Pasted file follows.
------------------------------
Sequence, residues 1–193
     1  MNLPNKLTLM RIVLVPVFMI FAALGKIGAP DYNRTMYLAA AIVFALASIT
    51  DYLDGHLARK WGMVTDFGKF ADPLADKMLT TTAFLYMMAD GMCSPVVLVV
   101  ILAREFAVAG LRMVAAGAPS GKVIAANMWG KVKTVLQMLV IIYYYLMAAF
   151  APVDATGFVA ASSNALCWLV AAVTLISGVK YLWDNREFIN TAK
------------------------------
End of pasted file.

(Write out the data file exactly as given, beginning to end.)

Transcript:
Sequence, residues 1–193
     1  MNLPNKLTLM RIVLVPVFMI FAALGKIGAP DYNRTMYLAA AIVFALASIT
    51  DYLDGHLARK WGMVTDFGKF ADPLADKMLT TTAFLYMMAD GMCSPVVLVV
   101  ILAREFAVAG LRMVAAGAPS GKVIAANMWG KVKTVLQMLV IIYYYLMAAF
   151  APVDATGFVA ASSNALCWLV AAVTLISGVK YLWDNREFIN TAK